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Segregation in the Schools

August 15, 2013

Lesson Plan Civil Rights

By Jeanne Sneddon

Objectives:

SS1 1.5, 1.6, 1.10, 3.5

SS3 1.6, 1.9

SS7 1.5, 1.7, 3.5, 3.6

Anticipatory Set: Discussion: What is an image that is indelibly etched into a memory?

Lesson Introduction: PowerPoint presentation of Segregation in the Schools to provide background information about Civil Rights issues.

Student Inquiry: Students will view images and documents to gain multiple perspectives of the Civil Rights movement utilizing the Image Analysis Worksheet.

Focus questions: What were the images of the Civil Rights movement in the 1960s? What was the reaction to these images? What role did the images play in advancing the Civil Rights movement?

Procedures:

  1. Divide the class into two groups. Group 1 will be given the picture of Elizabeth Eckford and Group 2 will be given the picture of Martin Luther King, Jr.
  2. Using the Photo Analysis Worksheet, individuals in each group will complete questions 1-3.
  3. Group 1 will be given the documents #4, 5, 6 to read. Group 2 will be given the documents #1, 2, 3 to read.
  4. Student will then complete questions 4-9 on the Photo Analysis Worksheet.
  5. As a whole class, the two photographs will be compared. Discussion points: Describe the scene and the figures in each image. What are the similarities and differences? Compare the setting of each image. How does the setting contribute to the meaning of the image? Describe the mood of each work. How did the photographer achieve that mood? Each photograph is about an event during the Civil Rights Movement in the United States. How does the photographer want the viewer to feel about the main subject? Support your opinion.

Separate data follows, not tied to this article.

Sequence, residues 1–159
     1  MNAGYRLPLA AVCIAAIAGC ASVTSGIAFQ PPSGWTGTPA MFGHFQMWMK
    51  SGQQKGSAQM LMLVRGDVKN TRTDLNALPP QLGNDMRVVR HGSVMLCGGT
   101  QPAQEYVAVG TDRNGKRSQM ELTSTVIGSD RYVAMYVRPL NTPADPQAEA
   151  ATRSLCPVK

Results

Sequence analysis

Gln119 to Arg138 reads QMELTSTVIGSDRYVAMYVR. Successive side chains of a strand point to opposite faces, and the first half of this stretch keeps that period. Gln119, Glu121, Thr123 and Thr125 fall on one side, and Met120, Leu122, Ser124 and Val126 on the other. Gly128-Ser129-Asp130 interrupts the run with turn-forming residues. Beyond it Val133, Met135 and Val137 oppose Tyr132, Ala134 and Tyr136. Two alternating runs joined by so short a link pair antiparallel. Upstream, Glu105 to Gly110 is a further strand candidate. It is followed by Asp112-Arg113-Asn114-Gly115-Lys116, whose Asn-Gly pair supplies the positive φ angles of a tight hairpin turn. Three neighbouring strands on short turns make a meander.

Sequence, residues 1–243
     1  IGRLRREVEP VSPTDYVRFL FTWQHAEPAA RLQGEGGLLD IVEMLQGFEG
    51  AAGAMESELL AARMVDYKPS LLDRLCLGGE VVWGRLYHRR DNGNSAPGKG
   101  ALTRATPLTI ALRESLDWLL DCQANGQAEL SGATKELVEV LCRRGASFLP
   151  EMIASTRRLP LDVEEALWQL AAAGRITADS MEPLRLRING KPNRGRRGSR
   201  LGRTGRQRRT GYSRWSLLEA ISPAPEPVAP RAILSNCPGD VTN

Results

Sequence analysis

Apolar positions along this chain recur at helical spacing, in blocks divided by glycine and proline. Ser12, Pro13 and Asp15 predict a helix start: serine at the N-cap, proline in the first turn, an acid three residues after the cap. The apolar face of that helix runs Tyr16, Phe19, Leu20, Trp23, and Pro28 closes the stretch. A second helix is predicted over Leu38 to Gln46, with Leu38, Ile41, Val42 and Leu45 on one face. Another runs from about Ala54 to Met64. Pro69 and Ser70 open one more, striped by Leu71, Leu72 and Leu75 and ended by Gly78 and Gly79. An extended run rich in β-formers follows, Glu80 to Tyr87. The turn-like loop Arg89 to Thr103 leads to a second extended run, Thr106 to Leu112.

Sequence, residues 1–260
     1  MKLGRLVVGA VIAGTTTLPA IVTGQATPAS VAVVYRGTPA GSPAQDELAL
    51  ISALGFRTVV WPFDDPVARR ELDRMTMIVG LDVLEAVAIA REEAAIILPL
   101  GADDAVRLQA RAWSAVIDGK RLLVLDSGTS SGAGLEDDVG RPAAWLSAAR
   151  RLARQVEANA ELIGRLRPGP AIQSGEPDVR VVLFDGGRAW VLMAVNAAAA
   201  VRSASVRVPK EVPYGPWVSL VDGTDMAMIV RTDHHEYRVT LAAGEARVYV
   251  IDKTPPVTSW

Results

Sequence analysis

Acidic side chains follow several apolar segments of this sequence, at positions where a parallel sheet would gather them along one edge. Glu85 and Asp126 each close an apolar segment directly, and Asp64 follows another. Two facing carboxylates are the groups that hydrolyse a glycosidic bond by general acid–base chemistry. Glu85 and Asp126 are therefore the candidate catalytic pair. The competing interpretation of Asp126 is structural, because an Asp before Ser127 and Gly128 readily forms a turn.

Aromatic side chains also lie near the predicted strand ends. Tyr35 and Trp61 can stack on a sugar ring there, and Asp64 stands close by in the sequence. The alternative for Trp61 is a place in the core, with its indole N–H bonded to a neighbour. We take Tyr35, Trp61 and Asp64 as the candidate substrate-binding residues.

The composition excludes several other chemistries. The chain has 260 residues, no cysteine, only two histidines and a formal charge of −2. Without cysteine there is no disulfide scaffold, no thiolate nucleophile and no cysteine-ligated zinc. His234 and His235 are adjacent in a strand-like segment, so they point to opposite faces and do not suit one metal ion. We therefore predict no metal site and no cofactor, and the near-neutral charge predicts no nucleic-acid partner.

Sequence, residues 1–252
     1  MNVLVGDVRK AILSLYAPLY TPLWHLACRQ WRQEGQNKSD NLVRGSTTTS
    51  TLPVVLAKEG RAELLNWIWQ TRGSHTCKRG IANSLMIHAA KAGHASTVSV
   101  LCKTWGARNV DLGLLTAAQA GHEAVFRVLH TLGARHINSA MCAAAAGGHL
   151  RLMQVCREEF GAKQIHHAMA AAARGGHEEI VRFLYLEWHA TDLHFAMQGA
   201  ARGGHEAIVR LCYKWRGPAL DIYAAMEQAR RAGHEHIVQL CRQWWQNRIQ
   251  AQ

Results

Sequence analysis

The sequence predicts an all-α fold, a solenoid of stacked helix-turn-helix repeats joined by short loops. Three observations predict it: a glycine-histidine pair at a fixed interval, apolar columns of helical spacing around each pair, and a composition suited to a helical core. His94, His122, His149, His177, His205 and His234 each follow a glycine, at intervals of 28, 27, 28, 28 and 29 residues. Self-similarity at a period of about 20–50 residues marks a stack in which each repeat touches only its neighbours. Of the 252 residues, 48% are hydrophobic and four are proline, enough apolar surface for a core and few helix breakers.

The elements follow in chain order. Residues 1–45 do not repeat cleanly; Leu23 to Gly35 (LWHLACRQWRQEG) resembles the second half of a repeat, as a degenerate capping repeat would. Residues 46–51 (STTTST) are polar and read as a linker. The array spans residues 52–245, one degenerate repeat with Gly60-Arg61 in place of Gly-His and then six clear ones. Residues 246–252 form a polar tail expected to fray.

Assessment: Each student in the class will write a friendly letter based on the document information and the photo analysis worksheet to either Elizabeth Eckford or Martin Luther King, Jr.  The letter should contain these parts:

The Heading—Address and date

The Salutation or Greeting

Body of the Letter—the message you want to send

Closing and student signature